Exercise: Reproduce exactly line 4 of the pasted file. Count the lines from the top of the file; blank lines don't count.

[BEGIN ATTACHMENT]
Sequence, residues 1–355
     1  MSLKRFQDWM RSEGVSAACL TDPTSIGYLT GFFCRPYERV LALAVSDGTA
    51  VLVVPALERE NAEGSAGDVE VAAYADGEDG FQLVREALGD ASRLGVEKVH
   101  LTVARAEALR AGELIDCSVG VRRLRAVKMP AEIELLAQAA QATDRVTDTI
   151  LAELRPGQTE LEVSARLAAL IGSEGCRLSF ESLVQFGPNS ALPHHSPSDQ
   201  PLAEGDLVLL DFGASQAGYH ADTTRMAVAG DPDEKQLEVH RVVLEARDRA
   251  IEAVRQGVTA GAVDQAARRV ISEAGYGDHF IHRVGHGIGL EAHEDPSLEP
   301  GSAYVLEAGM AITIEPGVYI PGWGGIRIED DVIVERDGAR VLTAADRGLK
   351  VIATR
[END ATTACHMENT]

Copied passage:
   101  LTVARAEALR AGELIDCSVG VRRLRAVKMP AEIELLAQAA QATDRVTDTI